Transition to spring brings great excitement
  |  First Published: September 2013

The transition from winter to spring is an exciting period for anglers across Port Phillip west.

Although the majority of new season reds are not due to arrive for at least another month, species such as Australian salmon, flathead and resident pinkie snapper should continue to provide plenty of action on the inner reefs especially. Similarly, bream and school mulloway are also expected to remain active in the metropolitan rivers.


Pitching soft plastics in amongst the pier pylons at Port Melbourne is a good option for those searching for a better than average pinkie snapper in the lead up to the season proper. Williamstown reef has been relatively quiet, though there are pinkies to be caught here at dawn and dusk for much of the year. It’s been a similar story around at Altona where the evening bite for those working soft plastics on the drift has been out fishing all other methods.


Despite low water temperatures, flathead continue to offer year round options west of the Yarra River. Point Cook, Werribee South and Corio Bay outer harbour have all been producing reasonably consistent results, particularly in depths ranging from 6-8m. As the mercury rises over the coming months, expect these fish to gradually start moving up into the shallows.

According to Michael Felsovary from Hooked on Bait and Tackle, resident squid have been a little patchy of late, but there’s still a few about in 3-4m at Point Cook. Gold foil pattern jigs have been the go in this area of late. Interestingly, a number of Mick’s customers have been braving the elements under the cover of darkness in search of flounder in the shallows at Campbells Cove. Now, that’s keen!


The lower reaches of the Yarra River at Port Melbourne and Newport have been producing small to medium size Australian salmon for much of winter, especially during the run-out tides. Those casting metal lures from the rock wall at the end of the Warmies boating channel have been successful at times. More often than not, however, the bulk of the school tend to hang out wider where anglers flicking soft plastics from boats equipped with bow-mount electric motors have been doing well.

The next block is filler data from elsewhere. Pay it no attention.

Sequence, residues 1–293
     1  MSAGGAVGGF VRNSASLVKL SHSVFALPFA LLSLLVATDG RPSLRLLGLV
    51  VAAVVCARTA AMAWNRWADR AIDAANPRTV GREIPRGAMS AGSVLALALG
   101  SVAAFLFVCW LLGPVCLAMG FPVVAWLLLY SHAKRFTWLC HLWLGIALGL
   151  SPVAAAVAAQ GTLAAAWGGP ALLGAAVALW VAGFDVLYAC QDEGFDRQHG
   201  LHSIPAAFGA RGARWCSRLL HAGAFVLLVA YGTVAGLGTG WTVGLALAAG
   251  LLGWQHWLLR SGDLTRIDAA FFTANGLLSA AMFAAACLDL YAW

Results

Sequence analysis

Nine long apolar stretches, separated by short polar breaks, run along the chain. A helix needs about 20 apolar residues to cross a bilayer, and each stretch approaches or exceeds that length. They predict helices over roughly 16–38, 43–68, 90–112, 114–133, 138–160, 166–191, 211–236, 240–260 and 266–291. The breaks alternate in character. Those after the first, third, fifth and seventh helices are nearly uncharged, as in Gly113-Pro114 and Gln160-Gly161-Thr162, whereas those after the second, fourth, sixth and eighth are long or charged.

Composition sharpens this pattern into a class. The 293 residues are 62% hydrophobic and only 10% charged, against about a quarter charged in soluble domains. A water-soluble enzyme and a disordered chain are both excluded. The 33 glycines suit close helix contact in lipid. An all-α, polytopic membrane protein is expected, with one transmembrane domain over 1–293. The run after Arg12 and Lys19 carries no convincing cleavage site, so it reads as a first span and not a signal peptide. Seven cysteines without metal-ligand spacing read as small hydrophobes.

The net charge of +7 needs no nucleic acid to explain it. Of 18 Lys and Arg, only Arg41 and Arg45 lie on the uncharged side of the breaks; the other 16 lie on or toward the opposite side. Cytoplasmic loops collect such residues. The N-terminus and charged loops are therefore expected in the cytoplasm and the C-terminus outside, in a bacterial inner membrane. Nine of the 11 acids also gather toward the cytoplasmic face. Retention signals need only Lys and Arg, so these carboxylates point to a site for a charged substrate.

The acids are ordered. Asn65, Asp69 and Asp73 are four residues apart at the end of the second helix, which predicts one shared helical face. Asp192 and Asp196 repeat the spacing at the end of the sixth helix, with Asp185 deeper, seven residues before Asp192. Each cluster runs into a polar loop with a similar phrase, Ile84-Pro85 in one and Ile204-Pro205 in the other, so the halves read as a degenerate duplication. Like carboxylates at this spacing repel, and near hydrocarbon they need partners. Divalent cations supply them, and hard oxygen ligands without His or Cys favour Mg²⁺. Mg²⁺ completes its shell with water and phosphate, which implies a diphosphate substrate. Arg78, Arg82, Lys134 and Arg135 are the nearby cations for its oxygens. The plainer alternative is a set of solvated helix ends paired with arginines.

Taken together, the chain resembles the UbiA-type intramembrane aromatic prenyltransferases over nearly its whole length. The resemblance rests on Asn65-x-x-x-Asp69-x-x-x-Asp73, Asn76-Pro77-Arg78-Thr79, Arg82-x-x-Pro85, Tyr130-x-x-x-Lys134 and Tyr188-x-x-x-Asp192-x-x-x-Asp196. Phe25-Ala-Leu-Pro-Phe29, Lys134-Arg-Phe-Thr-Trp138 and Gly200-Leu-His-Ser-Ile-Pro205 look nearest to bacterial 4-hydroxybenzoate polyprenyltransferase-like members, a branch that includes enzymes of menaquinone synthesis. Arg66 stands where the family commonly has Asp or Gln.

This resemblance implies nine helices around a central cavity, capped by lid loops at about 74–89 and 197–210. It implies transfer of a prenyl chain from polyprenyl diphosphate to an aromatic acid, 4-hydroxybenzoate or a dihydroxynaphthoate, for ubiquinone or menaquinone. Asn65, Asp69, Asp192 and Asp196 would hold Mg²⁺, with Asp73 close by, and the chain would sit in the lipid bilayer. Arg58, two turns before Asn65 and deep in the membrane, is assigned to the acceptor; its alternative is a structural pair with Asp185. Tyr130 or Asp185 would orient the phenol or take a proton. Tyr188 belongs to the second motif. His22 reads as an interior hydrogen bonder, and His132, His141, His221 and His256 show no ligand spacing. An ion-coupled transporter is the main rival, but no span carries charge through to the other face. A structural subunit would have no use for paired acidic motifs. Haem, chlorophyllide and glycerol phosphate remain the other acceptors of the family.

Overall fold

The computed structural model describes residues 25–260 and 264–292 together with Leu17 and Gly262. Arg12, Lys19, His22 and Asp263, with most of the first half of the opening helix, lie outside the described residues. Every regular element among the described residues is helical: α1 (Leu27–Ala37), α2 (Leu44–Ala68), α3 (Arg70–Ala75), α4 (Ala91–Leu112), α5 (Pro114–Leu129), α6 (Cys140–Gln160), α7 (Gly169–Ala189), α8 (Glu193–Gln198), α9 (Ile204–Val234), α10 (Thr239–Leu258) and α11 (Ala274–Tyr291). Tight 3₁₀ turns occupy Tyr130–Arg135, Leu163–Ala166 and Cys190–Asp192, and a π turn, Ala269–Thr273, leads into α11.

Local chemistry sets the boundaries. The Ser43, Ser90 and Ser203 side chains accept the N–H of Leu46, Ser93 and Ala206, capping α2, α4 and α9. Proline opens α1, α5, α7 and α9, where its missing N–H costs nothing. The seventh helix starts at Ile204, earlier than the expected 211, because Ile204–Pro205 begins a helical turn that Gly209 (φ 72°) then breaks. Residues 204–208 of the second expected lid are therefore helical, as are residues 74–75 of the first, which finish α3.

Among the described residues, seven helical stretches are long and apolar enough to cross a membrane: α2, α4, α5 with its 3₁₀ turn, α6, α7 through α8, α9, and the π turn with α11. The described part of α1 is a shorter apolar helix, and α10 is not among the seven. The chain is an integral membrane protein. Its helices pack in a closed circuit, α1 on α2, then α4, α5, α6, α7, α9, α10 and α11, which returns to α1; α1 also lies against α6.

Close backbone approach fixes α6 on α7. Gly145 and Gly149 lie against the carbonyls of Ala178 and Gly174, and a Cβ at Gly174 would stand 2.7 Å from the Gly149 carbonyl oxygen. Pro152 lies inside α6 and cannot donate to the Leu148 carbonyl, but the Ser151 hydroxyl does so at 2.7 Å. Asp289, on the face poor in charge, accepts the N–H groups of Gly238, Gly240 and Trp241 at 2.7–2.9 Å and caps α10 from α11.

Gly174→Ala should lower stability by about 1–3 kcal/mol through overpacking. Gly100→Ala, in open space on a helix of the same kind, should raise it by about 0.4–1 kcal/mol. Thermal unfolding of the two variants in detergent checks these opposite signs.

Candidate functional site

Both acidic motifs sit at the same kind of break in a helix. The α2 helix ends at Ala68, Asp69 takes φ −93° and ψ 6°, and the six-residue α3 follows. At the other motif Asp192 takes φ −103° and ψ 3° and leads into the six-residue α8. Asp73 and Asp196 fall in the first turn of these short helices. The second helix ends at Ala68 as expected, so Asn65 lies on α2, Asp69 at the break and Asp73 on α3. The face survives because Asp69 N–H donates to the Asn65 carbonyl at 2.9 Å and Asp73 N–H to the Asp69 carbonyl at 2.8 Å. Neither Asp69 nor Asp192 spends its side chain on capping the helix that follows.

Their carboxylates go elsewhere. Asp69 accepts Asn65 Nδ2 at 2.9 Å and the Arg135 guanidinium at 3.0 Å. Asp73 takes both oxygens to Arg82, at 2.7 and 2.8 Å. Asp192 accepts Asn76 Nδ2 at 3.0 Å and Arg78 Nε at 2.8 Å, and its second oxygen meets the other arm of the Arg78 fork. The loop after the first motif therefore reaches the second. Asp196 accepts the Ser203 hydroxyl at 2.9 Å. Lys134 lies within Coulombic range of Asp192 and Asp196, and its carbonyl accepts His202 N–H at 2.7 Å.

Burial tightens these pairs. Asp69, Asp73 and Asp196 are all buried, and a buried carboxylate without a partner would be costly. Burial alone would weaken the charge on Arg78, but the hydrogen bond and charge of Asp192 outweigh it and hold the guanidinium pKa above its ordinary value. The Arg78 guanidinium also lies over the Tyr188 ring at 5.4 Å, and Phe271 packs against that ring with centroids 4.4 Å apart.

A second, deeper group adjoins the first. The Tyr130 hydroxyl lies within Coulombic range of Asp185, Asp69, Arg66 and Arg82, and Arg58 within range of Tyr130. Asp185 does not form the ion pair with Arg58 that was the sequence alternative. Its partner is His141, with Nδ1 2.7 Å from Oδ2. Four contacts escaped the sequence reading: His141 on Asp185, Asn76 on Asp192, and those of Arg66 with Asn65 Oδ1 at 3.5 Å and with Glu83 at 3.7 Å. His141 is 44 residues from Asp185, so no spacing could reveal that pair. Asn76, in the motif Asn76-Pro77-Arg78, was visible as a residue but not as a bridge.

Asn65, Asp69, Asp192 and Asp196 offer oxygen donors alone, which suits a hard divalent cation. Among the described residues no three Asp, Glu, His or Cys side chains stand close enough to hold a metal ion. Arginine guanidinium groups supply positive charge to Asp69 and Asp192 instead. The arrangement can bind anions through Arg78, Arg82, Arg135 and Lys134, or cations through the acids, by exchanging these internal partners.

Further upriver, Docklands has been the mainstay for bream this winter with fish to 35cm regularly succumbing to micro vibes worked vertically alongside the jetty pylons and channel markers. Black is by far the most standout colour pattern and the aim is to imitate dislodged pieces of mussel shell. Consequently, most bream intercept the lure as its falls uninhibited on slack line. Any sign of movement in the mainline is an indication a fish has snatched or at least inspected your offering.

Plenty of juvenile Australian salmon and the odd pinkie snapper have also been taken within Victoria Harbour. Flicking worm pattern soft plastics from his pedal powered kayak, Dale Baxter managed several pinkies to 2.5kg, though he did say it was a little quiet in between hits.


Also fishing from his kayak, Nelson Martins says bream and small Australian salmon have been taken on soft plastic well the Maribyrnong River. Most of the bream seem to be schooling in the deeper sections of the river from Edgewater through to the Anglers Tavern and beyond. Here live baits, including Bass yabbies and tube worms have been productive.


According to Brad Hodges, bream fishing in the Werribee River has slowed somewhat over the past month as the fish push further upriver in preparation for spawning. Metal blades combined with a dead slow retrieve have accounted for a few bream in the deeper sections of the river. Worm pattern soft plastics have also been successful at times with a handful of juvenile school mulloway also falling to both methods.


If the kids are looking for a change of scenery during the September school holidays, perhaps consider a trip to one of the local family fishing lakes. Planned to coincide with the third term break, more than 50 small waters dotted throughout the state will be stocked with advanced yearling rainbow trout, courtesy of Fisheries Victoria. These waters (normally less than 5HA in surface area) provide safe access for juniors and anglers with limited mobility.

Once the trout settle in they generally respond well to particle baits such as corn, maggots or Powerbait nuggets presented on a small hook under a float. A lightly-weighted running sinker rig also does the job nicely. West of Melbourne, family fishing lakes exist at Melton, Keilor, Sunbury, Lethbridge, Bannockburn and Geelong. For a more comprehensive list of locations check out the DPI website at www.dpi.vic.gov.au/fisheries and follow the links to the stocking pages.


Reports, including a general description of when, where and how the fish were caught, and photographs may be submitted via email to --e-mail address hidden--

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